Did you know that the neighborhood has more Belgian and Swedish ancestry people living in it than nearly any neighborhood in America? It's true! In fact, 2.0% of this neighborhood's residents have Belgian ancestry and 6.7% have Swedish ancestry.
There are two complementary measures for understanding the income of a neighborhood's residents: the average and the extremes. While a neighborhood may be relatively wealthy overall, it is equally important to understand the rate of people - particularly children - who are living at or below the federal poverty line, which is extremely low income. Some neighborhoods with a lower average income may actually have a lower childhood poverty rate than another with a higher average income, and this helps us understand the conditions and character of a neighborhood.
The neighbors in the neighborhood in Coal Valley are upper-middle income, making it an above average income neighborhood. NeighborhoodScout's exclusive analysis reveals that this neighborhood has a higher income than 65.9% of the neighborhoods in America. In addition, 1.2% of the children seventeen and under living in this neighborhood are living below the federal poverty line, which is a lower rate of childhood poverty than is found in 78.2% of America's neighborhoods.
A neighborhood is far different if it is dominated by enlisted military personnel rather than people who earn their living by farming. It is also different if most of the neighbors are clerical support or managers. What is wonderful is the sheer diversity of neighborhoods, allowing you to find the type that fits your lifestyle and aspirations.
In the neighborhood, 48.9% of the working population is employed in executive, management, and professional occupations. The second most important occupational group in this neighborhood is manufacturing and laborer occupations, with 18.3% of the residents employed. Other residents here are employed in clerical, assistant, and tech support occupations (16.7%), and 16.1% in sales and service jobs, from major sales accounts, to working in fast food restaurants.
The most common language spoken in the neighborhood is English, spoken by 97.3% of households.
Boston's Beacon Hill blue-blood streets, Brooklyn's Orthodox Jewish enclaves, Los Angeles' Persian neighborhoods. Each has its own culture derived primarily from the ancestries and culture of the residents who call these neighborhoods home. Likewise, each neighborhood in America has its own culture – some more unique than others – based on lifestyle, occupations, the types of households – and importantly – on the ethnicities and ancestries of the people who live in the neighborhood. Understanding where people came from, who their grandparents or great-grandparents were, can help you understand how a neighborhood is today.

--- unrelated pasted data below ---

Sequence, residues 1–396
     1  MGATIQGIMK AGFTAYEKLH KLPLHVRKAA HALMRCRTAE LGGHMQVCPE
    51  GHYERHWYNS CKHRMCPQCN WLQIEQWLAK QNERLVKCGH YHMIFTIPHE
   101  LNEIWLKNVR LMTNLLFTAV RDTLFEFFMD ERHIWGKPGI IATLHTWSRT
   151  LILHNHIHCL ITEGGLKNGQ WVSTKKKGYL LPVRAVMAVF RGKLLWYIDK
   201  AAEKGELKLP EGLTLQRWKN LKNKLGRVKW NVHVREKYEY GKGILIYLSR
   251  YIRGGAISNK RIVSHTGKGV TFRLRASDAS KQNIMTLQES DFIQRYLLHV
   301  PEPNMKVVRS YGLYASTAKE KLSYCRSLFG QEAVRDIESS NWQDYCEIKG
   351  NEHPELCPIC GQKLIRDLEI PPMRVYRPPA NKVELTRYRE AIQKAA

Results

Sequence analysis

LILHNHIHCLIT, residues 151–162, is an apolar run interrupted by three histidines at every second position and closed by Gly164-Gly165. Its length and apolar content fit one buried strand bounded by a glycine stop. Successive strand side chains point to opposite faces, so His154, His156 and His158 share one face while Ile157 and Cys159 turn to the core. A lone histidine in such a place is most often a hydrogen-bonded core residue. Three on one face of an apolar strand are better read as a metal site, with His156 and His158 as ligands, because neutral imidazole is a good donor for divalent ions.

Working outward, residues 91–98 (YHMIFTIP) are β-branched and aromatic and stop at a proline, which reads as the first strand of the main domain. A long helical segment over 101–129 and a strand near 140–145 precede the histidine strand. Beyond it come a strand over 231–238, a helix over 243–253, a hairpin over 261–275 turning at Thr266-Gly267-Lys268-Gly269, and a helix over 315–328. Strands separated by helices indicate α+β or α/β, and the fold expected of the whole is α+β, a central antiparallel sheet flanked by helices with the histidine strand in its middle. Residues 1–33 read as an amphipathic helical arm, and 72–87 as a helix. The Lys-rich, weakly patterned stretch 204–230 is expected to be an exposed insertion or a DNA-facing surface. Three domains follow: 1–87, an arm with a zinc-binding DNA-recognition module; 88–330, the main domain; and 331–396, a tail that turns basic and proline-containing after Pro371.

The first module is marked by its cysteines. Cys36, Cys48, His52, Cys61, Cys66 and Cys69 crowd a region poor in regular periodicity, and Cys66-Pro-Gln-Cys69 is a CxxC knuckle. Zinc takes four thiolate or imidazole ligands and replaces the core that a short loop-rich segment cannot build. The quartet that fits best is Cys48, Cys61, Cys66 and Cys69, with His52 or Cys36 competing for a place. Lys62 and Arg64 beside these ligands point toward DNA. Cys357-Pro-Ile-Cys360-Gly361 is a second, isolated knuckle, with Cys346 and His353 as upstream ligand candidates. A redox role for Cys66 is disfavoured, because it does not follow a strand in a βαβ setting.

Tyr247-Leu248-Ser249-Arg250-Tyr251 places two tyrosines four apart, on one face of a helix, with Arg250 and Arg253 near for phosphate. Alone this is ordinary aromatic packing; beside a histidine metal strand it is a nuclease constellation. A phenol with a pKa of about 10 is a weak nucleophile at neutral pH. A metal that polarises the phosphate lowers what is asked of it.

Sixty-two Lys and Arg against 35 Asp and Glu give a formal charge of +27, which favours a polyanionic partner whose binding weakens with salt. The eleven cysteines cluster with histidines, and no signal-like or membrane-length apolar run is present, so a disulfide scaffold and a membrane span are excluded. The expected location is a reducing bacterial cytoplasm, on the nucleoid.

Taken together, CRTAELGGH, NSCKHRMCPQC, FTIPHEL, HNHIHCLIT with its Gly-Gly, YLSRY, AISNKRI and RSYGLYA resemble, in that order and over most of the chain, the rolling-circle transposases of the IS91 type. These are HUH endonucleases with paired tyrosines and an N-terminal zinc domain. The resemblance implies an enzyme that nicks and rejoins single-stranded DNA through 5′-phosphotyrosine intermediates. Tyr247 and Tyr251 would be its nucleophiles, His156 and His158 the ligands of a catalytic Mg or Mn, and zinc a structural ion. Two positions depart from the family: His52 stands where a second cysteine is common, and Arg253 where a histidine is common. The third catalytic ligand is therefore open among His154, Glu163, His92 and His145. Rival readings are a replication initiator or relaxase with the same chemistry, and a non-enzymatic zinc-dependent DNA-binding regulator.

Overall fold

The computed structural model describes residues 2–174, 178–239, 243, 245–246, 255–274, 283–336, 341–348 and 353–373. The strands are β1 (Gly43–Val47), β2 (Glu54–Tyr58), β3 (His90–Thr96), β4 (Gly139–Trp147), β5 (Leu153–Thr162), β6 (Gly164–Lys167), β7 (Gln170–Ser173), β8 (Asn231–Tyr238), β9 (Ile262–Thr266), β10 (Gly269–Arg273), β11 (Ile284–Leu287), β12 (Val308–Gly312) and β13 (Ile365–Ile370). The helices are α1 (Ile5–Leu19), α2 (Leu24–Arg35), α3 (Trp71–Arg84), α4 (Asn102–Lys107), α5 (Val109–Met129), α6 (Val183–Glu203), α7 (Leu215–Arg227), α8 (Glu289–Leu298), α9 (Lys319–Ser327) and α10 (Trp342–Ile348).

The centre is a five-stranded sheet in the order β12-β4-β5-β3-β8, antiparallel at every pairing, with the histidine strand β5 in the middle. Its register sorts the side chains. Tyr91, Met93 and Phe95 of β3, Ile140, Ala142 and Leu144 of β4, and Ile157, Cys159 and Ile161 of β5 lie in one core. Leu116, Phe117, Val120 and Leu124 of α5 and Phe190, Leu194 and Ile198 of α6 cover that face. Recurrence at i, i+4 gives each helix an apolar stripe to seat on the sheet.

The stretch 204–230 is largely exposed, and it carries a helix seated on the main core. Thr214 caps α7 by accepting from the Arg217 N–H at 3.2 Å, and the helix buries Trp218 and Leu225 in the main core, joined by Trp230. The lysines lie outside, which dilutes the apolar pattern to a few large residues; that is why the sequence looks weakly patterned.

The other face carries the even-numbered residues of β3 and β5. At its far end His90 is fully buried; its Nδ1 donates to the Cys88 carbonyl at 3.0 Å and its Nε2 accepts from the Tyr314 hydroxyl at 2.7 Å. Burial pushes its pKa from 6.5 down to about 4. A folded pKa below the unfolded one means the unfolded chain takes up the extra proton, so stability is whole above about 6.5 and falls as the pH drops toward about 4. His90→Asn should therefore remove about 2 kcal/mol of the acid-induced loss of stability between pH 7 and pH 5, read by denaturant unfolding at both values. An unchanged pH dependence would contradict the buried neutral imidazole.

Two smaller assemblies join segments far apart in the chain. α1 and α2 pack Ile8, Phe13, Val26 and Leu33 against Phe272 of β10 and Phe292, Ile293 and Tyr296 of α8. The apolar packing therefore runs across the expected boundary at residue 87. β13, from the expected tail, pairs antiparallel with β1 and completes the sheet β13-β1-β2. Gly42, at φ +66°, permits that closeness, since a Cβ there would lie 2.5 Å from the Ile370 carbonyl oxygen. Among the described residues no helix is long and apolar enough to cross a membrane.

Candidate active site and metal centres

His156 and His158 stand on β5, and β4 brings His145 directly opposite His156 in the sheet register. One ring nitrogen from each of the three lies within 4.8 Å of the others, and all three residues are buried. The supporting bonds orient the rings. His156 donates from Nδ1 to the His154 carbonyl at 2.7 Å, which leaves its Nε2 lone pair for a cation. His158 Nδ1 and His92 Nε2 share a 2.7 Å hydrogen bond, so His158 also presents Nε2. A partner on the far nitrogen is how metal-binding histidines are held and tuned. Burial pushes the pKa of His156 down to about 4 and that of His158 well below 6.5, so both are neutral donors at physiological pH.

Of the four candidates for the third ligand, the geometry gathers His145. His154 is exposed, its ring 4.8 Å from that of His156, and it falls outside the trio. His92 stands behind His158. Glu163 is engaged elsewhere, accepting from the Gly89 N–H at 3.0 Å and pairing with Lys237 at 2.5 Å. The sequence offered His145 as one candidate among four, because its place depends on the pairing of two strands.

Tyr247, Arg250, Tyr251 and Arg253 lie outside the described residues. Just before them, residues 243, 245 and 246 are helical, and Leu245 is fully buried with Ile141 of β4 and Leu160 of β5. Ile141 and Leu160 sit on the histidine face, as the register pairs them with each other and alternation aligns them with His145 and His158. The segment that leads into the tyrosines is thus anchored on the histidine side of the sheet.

In the neighborhood in Coal Valley, IL, residents most commonly identify their ethnicity or ancestry as German (34.6%). There are also a number of people of Irish ancestry (19.2%), and residents who report English roots (11.4%), and some of the residents are also of Swedish ancestry (6.7%), along with some Norwegian ancestry residents (6.6%), among others.
Even if your neighborhood is walkable, you may still have to drive to your place of work. Some neighborhoods are located where many can get to work in just a few minutes, while others are located such that most residents have a long and arduous commute. The greatest number of commuters in neighborhood spend between 15 and 30 minutes commuting one-way to work (68.4% of working residents), which is shorter than the time spent commuting to work for most Americans.
Here most residents (88.6%) drive alone in a private automobile to get to work. In a neighborhood like this, as in most of the nation, many residents find owning a car useful for getting to work.